democratic country. Indeed, while political parties are controlled by conglomerates and their cronies, elections remain open and free. Money politics and sectarianism are certainly part of the parcel, but anyone, given enough resources and influence, is allowed to participate in it.ndonesia has a host of illiberal problems such as rampant corruption, the militarization of West Papua, and trenchant political conservatism. But it has always managed to sustain the impression that it nonetheless remains a
Defining how politically free a country is based on its formal features, however, tends to overlook how several illiberal elements — hitherto dubbed individual features — can rapidly coalesce to annul an entire nation’s democratic norms. This has been the threat looming over Indonesia.
Earlier this year, several Cabinet ministers began touting the idea of prolonging Indonesia’s presidential terms. At present, the president can only serve for a maximum period of 10 years, or two five-year tenures. The current agenda is to raise the limit to 15 years. The goal is to allow President Joko “Jokowi“ Widodo to run for a third term.
It began when Muhaimin Iskandar, chairman of the traditional-Islamic National Awakening Party (PKB), suggested extending the current presidential tenure for one to two years. According to Muhaimin, the business, banking, and small to medium enterprise sectors had conveyed to him their anxieties over how a 2024 election could jeopardize the post-pandemic economic recovery. Similarly, Investment Minister Bahlil Lahadalia claimed that an election-related political crisis might lead to an unfavorable economic downturn, especially since Indonesia had just started to recoup its lost GDP over two years of COVID-19.
Others like National Mandate Party leader Zulkifli Hasan have even gone to the lengths of citing the Ukrainian invasion and the instability of international geopolitics to justify postponing the polls. Most absurd of all, however, was Coordinating Minister of Maritime and Investment Luhut Binsar Pandjaitan’s claim that 110 million internet users were shown through aggregated metadata to “desire” an additional term for Jokowi. To this day, Luhut refuses to disclose these data, saying they were “gathered through personal means rather than using state apparatus.”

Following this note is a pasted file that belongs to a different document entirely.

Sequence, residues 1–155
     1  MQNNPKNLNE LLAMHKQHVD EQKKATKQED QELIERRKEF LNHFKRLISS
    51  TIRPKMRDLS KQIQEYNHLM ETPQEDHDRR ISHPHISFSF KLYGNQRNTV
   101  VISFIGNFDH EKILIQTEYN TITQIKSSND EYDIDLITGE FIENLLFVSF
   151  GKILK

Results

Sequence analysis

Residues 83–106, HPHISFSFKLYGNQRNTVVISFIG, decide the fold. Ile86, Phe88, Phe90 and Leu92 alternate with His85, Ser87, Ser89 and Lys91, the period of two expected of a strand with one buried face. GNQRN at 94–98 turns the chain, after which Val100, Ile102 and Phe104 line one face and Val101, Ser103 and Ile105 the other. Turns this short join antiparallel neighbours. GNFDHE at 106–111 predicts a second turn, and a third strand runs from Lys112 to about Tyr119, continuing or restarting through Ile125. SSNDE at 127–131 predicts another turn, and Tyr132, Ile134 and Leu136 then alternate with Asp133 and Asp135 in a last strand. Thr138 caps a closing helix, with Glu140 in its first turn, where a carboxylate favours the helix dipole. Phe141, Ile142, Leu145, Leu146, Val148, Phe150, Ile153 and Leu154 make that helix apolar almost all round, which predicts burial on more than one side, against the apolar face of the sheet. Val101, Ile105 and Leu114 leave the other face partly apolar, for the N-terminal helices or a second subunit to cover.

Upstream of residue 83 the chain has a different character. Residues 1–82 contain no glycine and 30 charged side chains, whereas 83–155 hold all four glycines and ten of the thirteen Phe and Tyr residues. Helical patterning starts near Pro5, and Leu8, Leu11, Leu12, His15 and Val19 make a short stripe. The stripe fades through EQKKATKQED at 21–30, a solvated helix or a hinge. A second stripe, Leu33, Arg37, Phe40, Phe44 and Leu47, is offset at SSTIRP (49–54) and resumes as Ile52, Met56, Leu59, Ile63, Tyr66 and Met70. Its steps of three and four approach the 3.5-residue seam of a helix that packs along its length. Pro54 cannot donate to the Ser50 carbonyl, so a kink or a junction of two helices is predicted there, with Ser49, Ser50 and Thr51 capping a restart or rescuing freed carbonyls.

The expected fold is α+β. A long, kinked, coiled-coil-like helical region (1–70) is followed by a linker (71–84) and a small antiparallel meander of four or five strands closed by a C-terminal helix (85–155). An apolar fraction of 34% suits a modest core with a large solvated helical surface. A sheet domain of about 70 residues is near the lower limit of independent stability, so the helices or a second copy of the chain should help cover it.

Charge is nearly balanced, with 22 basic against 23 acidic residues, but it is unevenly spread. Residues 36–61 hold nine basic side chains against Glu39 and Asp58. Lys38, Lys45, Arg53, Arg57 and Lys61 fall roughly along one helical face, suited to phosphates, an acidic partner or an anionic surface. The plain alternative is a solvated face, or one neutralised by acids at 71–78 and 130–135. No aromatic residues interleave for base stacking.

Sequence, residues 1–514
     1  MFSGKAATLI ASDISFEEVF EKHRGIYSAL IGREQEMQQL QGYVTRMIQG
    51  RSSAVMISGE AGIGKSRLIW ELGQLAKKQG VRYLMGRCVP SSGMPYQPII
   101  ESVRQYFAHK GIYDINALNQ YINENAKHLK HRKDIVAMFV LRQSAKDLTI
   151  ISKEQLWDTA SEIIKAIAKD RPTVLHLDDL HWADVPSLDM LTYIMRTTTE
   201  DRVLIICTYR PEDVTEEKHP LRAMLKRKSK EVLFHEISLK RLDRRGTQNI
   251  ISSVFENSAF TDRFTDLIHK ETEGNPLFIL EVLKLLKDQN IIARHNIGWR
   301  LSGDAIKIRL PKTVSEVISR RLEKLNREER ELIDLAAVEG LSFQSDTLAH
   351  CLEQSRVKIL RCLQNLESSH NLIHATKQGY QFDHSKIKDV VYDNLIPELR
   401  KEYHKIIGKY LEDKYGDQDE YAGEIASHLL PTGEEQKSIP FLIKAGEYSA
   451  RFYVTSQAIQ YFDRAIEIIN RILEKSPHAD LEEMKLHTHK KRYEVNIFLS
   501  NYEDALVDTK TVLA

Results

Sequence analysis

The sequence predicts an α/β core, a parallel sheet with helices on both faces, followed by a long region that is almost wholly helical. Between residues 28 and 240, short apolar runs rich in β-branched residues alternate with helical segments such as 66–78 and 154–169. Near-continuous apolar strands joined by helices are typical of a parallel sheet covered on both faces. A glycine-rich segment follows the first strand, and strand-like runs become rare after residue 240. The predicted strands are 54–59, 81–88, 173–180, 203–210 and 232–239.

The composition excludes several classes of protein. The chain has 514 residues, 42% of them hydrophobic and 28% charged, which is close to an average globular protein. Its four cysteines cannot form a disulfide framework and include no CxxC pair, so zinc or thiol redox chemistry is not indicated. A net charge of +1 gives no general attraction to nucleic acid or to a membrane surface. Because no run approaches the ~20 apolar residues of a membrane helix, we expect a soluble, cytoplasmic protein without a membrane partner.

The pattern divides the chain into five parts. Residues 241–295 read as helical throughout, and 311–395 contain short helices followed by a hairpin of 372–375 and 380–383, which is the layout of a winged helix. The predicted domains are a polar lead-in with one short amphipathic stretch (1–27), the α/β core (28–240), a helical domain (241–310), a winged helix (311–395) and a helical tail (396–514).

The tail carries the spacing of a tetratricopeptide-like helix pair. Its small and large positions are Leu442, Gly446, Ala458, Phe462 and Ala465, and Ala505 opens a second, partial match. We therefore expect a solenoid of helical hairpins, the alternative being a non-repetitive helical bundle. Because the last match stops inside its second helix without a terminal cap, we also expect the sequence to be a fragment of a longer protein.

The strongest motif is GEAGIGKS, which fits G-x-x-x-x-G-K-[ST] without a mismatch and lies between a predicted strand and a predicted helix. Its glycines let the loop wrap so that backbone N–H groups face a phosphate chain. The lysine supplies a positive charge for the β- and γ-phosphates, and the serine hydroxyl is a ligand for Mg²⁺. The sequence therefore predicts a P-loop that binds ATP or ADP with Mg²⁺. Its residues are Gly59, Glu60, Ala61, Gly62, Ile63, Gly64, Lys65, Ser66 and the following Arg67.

The public has met these claims with hostility. On April 11, 2022, students conducted rallies in Jakarta, West Java, and South Sulawesi in protest over the ministers’ remarks, which could not have been uttered at a worse time. In the past three months, Indonesia had suffered a nationwide shortage of cooking oil despite being the world’s largest palm oil exporter — affecting the price of other consumer products, from cookies to detergent and cosmetics, containing the raw material.
In response, the president urged his ministers to desist from talks about delaying the election or adding a third term; the chorus died out soon after. Yet Jokowi has yet to explicitly oppose the idea, offering instead his trademark vague remarks of “we simply need to comply with the Constitution.” How convenient would it be then if the Constitution were simply changed?